No. 12 Michigan collected first place finishes in all four varsity races against Louisville on May 2 at Belleville Lake. Michigan’s second varsity four crew collected the team’s first win of the day while also recording the best time of the day amongst all the fours with a 7:16.00 finish. The Wolverines took second place at last year’s Big Ten Rowing Championship. The Michigan 1N8+ boat claimed an individual boat title, finishing with a time of 7:04.57. Michigan has clamed five Big Ten Championship titles in its program history (2000-01-03-04-12).

Indiana finished second at the 7th Annual Dale England Cup on April 25 in Bloomington, Indiana. The Hoosiers finished behind Texas and ahead of Notre Dame and Columbia. Indiana crews finished first in the 1V8+ and the 2N8+ races. The Hoosiers took fourth place at last year’s Big Ten Rowing Championship. Indiana’s best performance of the day came from its 1V8+ crew, who took third and crossed the finish line with a time of 6:38.06.

The ninth-ranked Wisconsin finished the regular season against Michigan State and Minnesota at the Devil’s Lake Challenge in Baraboo, Wisconsin, on May 2. The Badgers swept the Devil’s Lake Challenge, winning six of the seven races by at least 8.39 seconds. The strong performance against the two Big Ten foes led to a Big Ten Boat of the Week honor for the Badger’s 1V8+ crew. Last year, Wisconsin took third place at the Big Ten Rowing Championship. The Badger 2N8+ boat collected an individual title after crossing the finish line with a time of 7:16.12. Wisconsin has clamed a single Big Ten Championship title in its program history (2010).

Minnesota finished the regular season against host Wisconsin and Michigan State at the Devil’s Lake Challenge in Baraboo, Wisconsin, on May 2. The Golden Gophers collected four second-place finishes in the 2V4+, 1V4+, 2V8+, and 1V8+ races. Last year, the Golden Gophers took sixth place at the Big Ten Rowing Championship. Minnesota’s best performance of the day came from its 3V4+ crew, who took third and crossed the finish line with a time of 8:09.55. The Golden Gophers have clamed a single Big Ten Championship title in its program history (2007).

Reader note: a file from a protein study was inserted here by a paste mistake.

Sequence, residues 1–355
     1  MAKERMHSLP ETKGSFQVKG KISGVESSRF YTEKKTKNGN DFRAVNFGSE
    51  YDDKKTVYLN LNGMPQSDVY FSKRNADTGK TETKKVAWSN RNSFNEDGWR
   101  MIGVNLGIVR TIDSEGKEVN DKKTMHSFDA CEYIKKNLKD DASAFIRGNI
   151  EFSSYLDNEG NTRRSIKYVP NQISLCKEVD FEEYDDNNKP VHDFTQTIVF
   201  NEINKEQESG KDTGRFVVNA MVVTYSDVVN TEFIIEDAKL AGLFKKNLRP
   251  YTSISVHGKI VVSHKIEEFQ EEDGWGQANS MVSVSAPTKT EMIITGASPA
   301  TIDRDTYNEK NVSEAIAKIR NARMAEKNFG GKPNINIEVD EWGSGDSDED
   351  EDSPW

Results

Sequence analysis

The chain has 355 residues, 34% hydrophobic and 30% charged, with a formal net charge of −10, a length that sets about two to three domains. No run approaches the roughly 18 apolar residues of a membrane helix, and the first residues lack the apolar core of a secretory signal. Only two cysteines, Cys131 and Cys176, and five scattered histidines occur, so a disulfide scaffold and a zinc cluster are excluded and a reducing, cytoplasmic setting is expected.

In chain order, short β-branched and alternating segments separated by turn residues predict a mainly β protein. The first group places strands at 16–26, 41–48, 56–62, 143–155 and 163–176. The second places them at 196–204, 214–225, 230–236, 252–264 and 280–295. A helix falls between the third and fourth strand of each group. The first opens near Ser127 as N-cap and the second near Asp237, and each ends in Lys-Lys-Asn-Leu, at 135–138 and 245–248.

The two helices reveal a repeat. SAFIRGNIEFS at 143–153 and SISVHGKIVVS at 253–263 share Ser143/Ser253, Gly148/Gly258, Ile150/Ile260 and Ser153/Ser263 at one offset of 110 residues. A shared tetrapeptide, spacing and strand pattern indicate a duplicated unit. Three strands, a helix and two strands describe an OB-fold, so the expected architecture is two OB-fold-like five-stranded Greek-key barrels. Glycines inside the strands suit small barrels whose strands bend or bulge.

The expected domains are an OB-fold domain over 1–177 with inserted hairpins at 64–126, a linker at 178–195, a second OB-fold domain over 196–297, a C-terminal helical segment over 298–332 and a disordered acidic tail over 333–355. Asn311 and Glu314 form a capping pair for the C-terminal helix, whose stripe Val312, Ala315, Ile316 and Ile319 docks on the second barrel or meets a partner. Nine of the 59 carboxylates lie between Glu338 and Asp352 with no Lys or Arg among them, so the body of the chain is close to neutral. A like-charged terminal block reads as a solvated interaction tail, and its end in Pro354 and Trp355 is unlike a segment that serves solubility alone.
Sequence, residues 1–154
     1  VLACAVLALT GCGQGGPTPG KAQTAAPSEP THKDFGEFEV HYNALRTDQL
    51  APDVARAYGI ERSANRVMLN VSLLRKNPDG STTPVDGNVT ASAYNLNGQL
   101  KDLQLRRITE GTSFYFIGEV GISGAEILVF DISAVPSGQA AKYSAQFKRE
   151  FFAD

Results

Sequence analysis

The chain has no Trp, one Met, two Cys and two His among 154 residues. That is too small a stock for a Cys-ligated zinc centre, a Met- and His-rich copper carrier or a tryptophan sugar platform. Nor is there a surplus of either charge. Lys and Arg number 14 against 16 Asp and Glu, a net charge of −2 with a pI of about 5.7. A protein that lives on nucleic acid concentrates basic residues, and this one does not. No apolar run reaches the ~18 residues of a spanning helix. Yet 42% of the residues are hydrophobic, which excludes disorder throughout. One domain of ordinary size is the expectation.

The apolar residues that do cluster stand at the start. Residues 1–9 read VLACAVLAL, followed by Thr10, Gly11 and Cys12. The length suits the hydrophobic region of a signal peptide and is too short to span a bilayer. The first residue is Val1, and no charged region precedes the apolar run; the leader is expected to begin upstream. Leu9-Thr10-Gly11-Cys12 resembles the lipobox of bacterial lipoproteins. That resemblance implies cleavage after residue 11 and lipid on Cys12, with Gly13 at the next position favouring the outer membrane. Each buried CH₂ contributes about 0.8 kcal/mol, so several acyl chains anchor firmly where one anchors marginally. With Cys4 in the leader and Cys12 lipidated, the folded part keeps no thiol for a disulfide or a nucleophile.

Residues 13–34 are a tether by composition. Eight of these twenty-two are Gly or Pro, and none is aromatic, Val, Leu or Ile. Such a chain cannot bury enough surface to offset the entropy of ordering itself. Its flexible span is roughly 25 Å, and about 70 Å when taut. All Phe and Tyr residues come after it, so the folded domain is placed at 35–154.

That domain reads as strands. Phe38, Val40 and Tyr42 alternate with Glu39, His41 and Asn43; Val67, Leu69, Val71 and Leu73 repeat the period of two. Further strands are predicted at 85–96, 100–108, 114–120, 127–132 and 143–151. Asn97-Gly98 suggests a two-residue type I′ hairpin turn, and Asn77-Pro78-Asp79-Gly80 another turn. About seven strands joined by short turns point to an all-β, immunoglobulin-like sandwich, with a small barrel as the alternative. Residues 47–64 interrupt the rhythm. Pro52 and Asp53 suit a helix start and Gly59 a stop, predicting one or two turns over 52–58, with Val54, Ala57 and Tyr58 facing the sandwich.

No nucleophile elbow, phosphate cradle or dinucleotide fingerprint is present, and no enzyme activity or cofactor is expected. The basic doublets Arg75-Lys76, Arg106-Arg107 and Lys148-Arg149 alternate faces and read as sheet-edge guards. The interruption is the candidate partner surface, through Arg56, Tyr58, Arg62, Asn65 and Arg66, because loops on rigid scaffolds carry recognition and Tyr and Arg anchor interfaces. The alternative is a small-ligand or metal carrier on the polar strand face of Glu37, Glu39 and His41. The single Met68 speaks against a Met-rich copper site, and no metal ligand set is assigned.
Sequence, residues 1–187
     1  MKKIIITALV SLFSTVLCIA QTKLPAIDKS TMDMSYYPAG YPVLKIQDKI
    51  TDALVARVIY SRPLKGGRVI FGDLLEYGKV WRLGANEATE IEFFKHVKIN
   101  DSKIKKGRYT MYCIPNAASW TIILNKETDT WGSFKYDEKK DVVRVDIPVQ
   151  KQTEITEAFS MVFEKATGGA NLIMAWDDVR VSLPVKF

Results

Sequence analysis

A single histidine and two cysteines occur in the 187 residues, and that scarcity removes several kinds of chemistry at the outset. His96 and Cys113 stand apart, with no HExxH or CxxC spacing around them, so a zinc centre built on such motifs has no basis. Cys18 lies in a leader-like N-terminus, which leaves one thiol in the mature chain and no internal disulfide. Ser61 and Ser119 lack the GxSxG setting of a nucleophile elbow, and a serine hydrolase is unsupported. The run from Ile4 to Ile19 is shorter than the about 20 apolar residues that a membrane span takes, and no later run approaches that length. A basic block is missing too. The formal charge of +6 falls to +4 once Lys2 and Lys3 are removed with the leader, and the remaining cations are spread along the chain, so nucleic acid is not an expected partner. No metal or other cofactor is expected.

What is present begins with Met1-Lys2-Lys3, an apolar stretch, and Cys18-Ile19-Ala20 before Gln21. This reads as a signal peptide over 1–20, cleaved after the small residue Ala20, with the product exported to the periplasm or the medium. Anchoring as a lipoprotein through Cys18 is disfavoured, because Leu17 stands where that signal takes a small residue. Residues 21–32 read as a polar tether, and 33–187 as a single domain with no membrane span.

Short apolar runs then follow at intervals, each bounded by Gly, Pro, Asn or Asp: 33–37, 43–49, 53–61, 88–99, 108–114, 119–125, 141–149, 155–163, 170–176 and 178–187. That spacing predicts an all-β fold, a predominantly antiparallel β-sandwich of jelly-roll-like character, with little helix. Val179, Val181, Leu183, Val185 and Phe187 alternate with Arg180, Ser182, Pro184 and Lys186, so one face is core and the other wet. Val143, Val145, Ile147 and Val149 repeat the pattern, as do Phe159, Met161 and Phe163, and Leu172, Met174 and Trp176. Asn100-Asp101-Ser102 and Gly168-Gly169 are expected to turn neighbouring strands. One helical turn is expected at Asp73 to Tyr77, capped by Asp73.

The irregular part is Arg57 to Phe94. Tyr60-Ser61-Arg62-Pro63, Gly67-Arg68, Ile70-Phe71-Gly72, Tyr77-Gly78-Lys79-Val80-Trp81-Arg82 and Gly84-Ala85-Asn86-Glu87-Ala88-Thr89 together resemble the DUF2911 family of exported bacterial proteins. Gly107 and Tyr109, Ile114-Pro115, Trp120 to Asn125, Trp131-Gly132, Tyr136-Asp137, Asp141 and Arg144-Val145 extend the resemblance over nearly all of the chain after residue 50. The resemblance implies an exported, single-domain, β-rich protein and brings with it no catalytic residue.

Rutgers competed at the Eastern Association of Women’s Rowing Colleges Sprints on May 4 in Camden, New Jersey. The Scarlet Knights competed against crews from Northeastern, Navy, Georgetown, West Virginia, Columbia, Dartmouth, Harvard Radcliffe, and MIT. The Scarlet Knights’ 2V8+ posted the best finish on the day, collecting fourth out of seven boats in the Final 2. This year, Rutgers makes their debut at this year’s Big Ten Rowing Championship. Before joining the Big Ten, Rutgers competed Last year, RU finished in fifth place at the All-American Athletic Conference Championships by accumulating 101 points on Lake Mercer in West Windsor, New Jersey. Rutgers’ V4+ crews had the strongest performances of the day, with the 1V4+ and 3V4+ crews placing second with times of 7:33.902 and 8:15.660, respectively, in their grand final events.

Iowa finished first in all but one of their races against Tennessee and Central Florida in Oak Ridge, Tennessee, on May 2. The morning started with the 1V8+ race, where Iowa gained an early boat-length advantage over Tennessee and were stroke for stroke with UCF. In the last 500 meters of the race, the Knights recovered to cross the line ahead of the Hawkeyes.

The 2V8+ crews were the second to race on the day. The Knights and the Hawkeyes were close through the first 1,000 meters, when Iowa began to pull away. Iowa beat both Central Florida and Tennessee by open water.

The 1V4+ race followed, with Iowa in lane four. The Hawkeyes pulled ahead from the rest of the field early. Iowa continued to stretch their lead throughout the race and finished 15.4 seconds ahead of the Lady Volunteers and 23.1 seconds ahead of the Knights. The Hawkeyes went undefeated in the rest of the morning, collecting first place finishes in the 2V4+ and the 1N8+.

Region Four
1 Ohio State
2 Wisconsin
3 Indiana
4 Michigan